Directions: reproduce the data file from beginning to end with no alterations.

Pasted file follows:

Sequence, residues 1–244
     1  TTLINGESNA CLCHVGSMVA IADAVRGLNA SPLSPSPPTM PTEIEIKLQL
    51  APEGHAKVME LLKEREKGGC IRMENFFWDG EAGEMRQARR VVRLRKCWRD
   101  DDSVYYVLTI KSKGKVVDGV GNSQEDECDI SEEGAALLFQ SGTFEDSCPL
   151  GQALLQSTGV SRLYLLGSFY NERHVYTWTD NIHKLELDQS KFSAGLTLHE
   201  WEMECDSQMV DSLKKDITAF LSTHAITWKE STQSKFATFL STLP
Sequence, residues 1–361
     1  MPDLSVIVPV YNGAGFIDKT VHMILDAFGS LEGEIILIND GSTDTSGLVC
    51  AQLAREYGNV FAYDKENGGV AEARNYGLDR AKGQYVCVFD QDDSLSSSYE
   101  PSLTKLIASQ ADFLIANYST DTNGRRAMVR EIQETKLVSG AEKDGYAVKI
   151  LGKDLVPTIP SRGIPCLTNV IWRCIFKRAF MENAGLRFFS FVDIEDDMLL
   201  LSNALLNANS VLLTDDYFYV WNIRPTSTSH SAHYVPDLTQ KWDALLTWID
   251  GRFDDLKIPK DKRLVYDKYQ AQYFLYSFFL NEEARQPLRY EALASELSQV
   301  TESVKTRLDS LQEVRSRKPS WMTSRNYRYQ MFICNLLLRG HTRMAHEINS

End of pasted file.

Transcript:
Sequence, residues 1–244
     1  TTLINGESNA CLCHVGSMVA IADAVRGLNA SPLSPSPPTM PTEIEIKLQL
    51  APEGHAKVME LLKEREKGGC IRMENFFWDG EAGEMRQARR VVRLRKCWRD
   101  DDSVYYVLTI KSKGKVVDGV GNSQEDECDI SEEGAALLFQ SGTFEDSCPL
   151  GQALLQSTGV SRLYLLGSFY NERHVYTWTD NIHKLELDQS KFSAGLTLHE
   201  WEMECDSQMV DSLKKDITAF LSTHAITWKE STQSKFATFL STLP
Sequence, residues 1–361
     1  MPDLSVIVPV YNGAGFIDKT VHMILDAFGS LEGEIILIND GSTDTSGLVC
    51  AQLAREYGNV FAYDKENGGV AEARNYGLDR AKGQYVCVFD QDDSLSSSYE
   101  PSLTKLIASQ ADFLIANYST DTNGRRAMVR EIQETKLVSG AEKDGYAVKI
   151  LGKDLVPTIP SRGIPCLTNV IWRCIFKRAF MENAGLRFFS FVDIEDDMLL
   201  LSNALLNANS VLLTDDYFYV WNIRPTSTSH SAHYVPDLTQ KWDALLTWID
   251  GRFDDLKIPK DKRLVYDKYQ AQYFLYSFFL NEEARQPLRY EALASELSQV
   301  TESVKTRLDS LQEVRSRKPS WMTSRNYRYQ MFICNLLLRG HTRMAHEINS